Oxford professor, philosopher, and historian of ideas, the late Sir Isaiah Berlin (1909-97) was also one of the finest English essayists in the 20th century. This retrospective collection of 17 of his best essays surveys his entire career as a thinker, including his work in political philosophy and the philosophy of history, his thoughts on the Enlightenment, Vico, and Machiavelli, and his passion for Russian literature. Reprinted are such seminal essays as "Two Concepts Liberty" and "The Hedgehog and the Fox," as well as his reflections on Winston Churchill and Franklin Roosevelt. Edited by scholars Hardy and Hausheer, who also provides an introduction, and with a foreword by Noel Annan, this book also includes a helpful bibliography. A fitting epitaph for a man passionately and eloquently devoted to ideas. ~ Library Journal
Leslie Stevenson, ed. (Oxford University Press: November 1999), 336 pages.
This unique anthology provides an introduction to a wide variety of views on human nature. Drawing from diverse cultures over three millennia, Leslie Stevenson has chosen selections ranging from ancient religious texts up to contemporary theories based on evolutionary science. The second edition of The Study of Human Nature offers substantial selections illustrating the perspectives discussed in Ten Theories of Human Nature, — the Bible, Hinduism, Confucianism, Plato, Kant, Marx, Freud, Sartre, B.F. Skinner's behaviorism, and Konrad Lorenz's ethnological diagnosis of human aggression. The Islamic tradition and 17th-18th century philosophers Descartes, Hobbes, Hume, and Rousseau are also represented. Selections from Rousseau, J.S. Mill, and Nancy Holmstrom raise feminist issues, and Henry Bracken's paper deals with racial issues. Examples from E.O. Wilson's sociobiology and his critics are also included, together with Chomsky and recent examples from evolutionary psychology. ~ Product Description
G.K. Chesterton (Ignatius Press: 1994).
This book is a dandy — a little social commentary full of Chesterton's ever-so-fun-and-clever humor and incredible way of making you realize that the ways in which we humans think is often the exact opposite of what we ought to think. The content is, I suppose, a bit dated... it is intended for the turn-of-the-century (the last turn, not this one) English reader; as such, issues such as women's suffrage might appear to be entirely culturally irrelevant. If read in its historical context, however, it can function both as a history lesson and poignant (in its time) social commentary. And, needless to say, as with all truly good observations about something in the past, there is a good deal which is extremely pertinent to the current social condition... even in those things that might appear outmoded. A good read. ~ Fred Schultz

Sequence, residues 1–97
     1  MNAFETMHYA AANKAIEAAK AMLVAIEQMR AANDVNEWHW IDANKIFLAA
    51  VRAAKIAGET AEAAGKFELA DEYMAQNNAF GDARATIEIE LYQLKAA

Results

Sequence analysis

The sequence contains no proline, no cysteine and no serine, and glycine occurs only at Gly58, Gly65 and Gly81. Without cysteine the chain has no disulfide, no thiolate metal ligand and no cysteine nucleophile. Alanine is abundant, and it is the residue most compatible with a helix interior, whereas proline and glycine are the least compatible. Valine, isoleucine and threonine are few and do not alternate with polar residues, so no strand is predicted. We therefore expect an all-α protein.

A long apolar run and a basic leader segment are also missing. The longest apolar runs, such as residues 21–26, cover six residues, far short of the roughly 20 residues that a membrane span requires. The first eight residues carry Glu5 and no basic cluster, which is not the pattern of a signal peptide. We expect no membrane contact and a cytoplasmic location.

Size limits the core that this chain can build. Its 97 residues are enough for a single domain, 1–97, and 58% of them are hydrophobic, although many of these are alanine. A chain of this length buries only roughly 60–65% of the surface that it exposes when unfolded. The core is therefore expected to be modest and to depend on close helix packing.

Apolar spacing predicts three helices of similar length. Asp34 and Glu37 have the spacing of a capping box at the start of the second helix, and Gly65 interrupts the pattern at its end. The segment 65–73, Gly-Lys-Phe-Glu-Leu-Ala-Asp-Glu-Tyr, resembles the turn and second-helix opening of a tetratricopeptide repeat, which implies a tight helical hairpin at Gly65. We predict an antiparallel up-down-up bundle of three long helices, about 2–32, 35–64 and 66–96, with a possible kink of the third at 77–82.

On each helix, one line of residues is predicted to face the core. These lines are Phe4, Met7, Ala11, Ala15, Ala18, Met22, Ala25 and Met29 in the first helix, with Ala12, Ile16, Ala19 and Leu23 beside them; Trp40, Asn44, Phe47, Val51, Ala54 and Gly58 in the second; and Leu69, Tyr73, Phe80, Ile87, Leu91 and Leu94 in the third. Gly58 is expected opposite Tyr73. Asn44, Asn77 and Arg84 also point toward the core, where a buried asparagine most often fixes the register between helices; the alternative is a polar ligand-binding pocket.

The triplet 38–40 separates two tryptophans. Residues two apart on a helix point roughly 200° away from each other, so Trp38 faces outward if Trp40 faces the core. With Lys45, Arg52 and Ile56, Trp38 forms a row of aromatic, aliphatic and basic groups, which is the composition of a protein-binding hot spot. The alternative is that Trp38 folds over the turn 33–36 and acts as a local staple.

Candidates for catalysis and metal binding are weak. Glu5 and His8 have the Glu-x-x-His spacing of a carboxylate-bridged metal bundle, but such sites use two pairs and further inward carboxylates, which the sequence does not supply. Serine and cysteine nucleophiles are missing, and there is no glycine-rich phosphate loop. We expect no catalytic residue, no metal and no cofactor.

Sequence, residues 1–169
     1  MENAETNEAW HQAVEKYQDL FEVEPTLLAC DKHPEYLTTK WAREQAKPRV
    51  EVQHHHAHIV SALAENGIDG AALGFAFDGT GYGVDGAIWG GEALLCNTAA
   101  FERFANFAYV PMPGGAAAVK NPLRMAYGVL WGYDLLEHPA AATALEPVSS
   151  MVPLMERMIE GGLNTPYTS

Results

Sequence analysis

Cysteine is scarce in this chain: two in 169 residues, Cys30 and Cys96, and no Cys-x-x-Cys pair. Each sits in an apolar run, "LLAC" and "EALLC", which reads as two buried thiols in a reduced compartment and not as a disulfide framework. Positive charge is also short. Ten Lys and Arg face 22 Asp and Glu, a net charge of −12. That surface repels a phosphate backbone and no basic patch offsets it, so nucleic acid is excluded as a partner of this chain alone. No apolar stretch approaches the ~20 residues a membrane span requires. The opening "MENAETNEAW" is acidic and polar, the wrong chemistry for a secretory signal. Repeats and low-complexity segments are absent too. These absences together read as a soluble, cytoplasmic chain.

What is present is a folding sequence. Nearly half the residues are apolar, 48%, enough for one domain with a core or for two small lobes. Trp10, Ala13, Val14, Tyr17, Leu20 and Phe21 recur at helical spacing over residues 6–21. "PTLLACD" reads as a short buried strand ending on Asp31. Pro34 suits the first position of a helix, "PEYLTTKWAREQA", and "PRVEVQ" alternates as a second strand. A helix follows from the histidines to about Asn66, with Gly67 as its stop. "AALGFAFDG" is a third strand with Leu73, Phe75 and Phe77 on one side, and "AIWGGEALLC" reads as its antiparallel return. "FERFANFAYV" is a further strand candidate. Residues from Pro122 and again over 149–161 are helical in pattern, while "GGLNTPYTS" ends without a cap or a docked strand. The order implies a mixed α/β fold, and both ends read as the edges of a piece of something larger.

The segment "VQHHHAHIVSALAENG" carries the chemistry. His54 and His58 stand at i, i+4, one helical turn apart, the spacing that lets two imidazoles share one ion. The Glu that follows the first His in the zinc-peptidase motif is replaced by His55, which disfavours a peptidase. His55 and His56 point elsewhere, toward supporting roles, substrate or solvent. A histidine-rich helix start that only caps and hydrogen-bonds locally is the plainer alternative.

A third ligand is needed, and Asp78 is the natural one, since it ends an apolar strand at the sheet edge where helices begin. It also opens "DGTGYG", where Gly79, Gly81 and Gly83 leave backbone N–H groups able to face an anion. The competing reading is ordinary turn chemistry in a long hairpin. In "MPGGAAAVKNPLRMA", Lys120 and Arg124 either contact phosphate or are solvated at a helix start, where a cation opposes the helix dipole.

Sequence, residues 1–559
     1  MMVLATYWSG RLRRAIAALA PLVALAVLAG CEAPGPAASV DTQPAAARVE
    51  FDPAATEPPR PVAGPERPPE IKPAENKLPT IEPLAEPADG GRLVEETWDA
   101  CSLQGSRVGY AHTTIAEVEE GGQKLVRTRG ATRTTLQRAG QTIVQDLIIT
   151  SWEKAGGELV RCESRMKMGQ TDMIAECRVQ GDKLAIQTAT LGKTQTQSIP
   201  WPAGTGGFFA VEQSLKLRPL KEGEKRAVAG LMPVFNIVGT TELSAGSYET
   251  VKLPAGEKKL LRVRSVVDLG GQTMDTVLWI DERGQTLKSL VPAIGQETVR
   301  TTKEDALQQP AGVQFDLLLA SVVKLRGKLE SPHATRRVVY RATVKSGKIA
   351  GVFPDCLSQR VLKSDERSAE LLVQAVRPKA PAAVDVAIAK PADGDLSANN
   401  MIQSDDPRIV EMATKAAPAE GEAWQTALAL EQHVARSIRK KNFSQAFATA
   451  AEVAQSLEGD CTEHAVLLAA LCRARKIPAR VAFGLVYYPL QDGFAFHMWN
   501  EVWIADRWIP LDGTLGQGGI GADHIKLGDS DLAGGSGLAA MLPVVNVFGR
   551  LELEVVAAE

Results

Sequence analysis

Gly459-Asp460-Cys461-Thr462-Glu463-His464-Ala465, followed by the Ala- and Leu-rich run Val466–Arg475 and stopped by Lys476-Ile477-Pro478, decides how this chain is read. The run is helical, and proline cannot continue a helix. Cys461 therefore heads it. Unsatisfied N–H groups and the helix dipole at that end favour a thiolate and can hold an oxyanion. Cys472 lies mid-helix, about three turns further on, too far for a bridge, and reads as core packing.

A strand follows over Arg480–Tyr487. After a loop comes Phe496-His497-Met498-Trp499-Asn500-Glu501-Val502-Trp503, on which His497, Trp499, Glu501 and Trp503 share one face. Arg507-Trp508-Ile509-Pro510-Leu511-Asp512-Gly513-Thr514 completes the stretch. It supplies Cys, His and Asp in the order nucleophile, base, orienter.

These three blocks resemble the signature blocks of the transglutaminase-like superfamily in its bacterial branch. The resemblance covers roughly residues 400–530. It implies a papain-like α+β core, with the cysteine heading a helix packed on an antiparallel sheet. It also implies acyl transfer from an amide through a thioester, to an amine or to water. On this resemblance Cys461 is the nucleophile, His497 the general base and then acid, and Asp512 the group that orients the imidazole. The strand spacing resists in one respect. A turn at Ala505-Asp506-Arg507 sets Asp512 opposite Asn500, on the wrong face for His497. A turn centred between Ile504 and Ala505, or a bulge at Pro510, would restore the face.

Anthony A. Hoekema (Eerdmans: March 1986), 275 pages.
According to Scripture, humankind was created in the image of God. Hoekema discusses the implications of this theme, devoting several chapters to the biblical teaching on God's image, the teaching of philosophers and theologians through the ages, and his own theological analysis. This second book in a series of doctrinal studies concerns itself with theological anthropology, or the Christian doctrine of man. The theological viewpoint is that of evangelical Christianity from a Reformed or Calvinistic perspective. Suitable for seminary-level anthropology courses, yet accessible to educated laypeople. Extensive bibliography, fully indexed. ~ Product Description